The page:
Every place we have visited since leaving the tropics claims to be having unseasonably cool temperatures this summer; Maine, Nova Scotia, Newfoundland, St. Pierre and now Ireland. While we are now in September and we should expect some cooler climes, Ireland has also had a really pathetic summer (according to all the locals) as seems to be the trend we are seeing. You don't necessarily come to Ireland and the UK for the weather, but we haven't been out of our thermals and fleece yet! That said, we have still enjoyed our stay here and although it is cool, we have avoided rain on most occasions. We visited the Aran Islands and the quaint villages, forts and endless stone walls. No shortage of stone walls in this part of the country! With our boat tucked snuggly in the gated city marina of Galway we rented a car and visited the Southwest coast of the country including the Cliffs of Moher (along with every other tourist it seemed). With the 200 meter sheer cliffs, the iconic image of Ireland was amazing, but taking three kids to walk along vertical cliffs in 20 knot winds and sheet rain and a million other people was anything but relaxing. With a death grip on the kids we took a short walk did the compulsory trip through the visitor center and then called it a day. We tagged it, but I don't necessarily ever need to go back! Afterward we spent three days touring the Beara Peninsula; driving along scenic single land country roads through beautiful country, hiking through the heather to antiquities like signal towers from the Napoleonic age and taking a 30 year old sheep tram across a tidal rip to Dursey Island were among some of our favorite experiences. We stayed in small B&B's, ate way too many Irish breakfasts and drank our way through the pubs tasting whiskeys, our fair share of guiness and ciders. With a combined background in Maine, Alaska and Oregon, the old country was anything but wild, but it was lovely and we certainly enjoyed our time touring by car. Mike tackled all the driving on the other side of the road, and there were a few white knuckled moments on some of the small roads, but we felt we were successful returning the car with both mirrors intact! A small feat. Dang they have small roads here, and nobody has even heard of a shoulder!
We are now back on the boat, with my parents squeezed aboard for a few days, and we are heading north along the West Coast. Inishmaan, Inishbofin and Claire Island are on the itinerary for the next few days. Mike and I are taking advantage of grandparent babysitting and heading out at night to listen to the sounds of Ireland whenever we can. From small 3-4 table pubs to larger establishments there is music everywhere. Occasionally it is just one or two people jamming, but often the entire bar gets involved and everyone ends up singing Irish folksong's.
Schooling has been pretty laid back through the summer, but we are going to start back up this coming week. Ana starts kindergarten, which should be interesting. While she has been doing her "homework" all year, it will be interesting to have three kids to home school on a more structured schedule. I hope I survive this next chapter! On the less structured side of home schooling we have been embracing Irish Literature with readings from Yeats and Joyce to name a few. Porter loves the limericks and is filling his journal with his creations. Although when I told him I wanted a few for the blog and they couldn't have the words; butt, crack or fart in them, he suddenly had writers block. He's quite creative with a certain vocabulary set! Below are a couple of his more appropriate attempts:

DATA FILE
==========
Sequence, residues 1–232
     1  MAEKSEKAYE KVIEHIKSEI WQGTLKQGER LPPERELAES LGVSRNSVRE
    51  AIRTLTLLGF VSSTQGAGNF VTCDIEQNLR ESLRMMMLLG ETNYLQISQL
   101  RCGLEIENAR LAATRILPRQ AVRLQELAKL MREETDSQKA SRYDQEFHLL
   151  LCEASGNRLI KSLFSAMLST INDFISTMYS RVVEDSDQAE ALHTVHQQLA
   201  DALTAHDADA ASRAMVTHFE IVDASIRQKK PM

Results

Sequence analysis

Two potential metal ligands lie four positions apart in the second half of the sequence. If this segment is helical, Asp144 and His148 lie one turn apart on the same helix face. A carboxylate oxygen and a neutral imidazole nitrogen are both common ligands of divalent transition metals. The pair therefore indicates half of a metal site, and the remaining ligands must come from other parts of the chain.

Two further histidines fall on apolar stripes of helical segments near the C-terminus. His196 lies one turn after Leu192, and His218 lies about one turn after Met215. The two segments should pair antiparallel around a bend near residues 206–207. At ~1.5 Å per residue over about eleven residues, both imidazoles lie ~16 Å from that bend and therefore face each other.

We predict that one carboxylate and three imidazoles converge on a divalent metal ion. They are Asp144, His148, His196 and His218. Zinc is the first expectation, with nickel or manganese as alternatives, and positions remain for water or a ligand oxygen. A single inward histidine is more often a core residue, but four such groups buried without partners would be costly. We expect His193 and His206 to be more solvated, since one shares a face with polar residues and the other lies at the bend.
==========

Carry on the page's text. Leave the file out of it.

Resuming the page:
There once was a boy named Porter
He had a mental disorder
He hit his head
On the edge of the bed
And woke up on the Irish Border
The once was a man named Papa
He liked to drink Mocha Frappa
He went to Starbucks
And said, this sucks
And went back to drinking Grappa.
The following pages chronicle the journey of the sailing vessel Pelagic and her crew. We are a family of 5; Michael, Amy, Zander, Porter and Anakena, taking our 42' Hallberg Rassy as far as we can comfortably go in three years. We left Oregon in September 2014, participated in the 2014 Baja Haha, continued on through the Panama Canal, into the Caribbean, up the coast of the US to Maritime Canada and from there crossed the Atlantic. After an arrival in Ireland we toured Scotland, then sailed down to France, Portugal and on to Morocco. In January of 2016 we slowed down considerably and enrolled the kids in a local Spanish school in Sanlucar de Guadiana for a few months. In the spring of 2016 we crossed the Atlantic towards the Caribbean. We are now in the Pacific, officially on our way home, albeit via a very circuitous path. We are currently in French Polynesia and looking at weather windows to Hawaii before finally making landfall back in the Pacific Northwest.
Currently our exact location is not available. Our spot coverage will pick us back up in Hawaii towards the end of May, 2017.
Our favorite sailing quote:
"If anythings gonna happen, it's gonna happen out there boss!" Captain Ron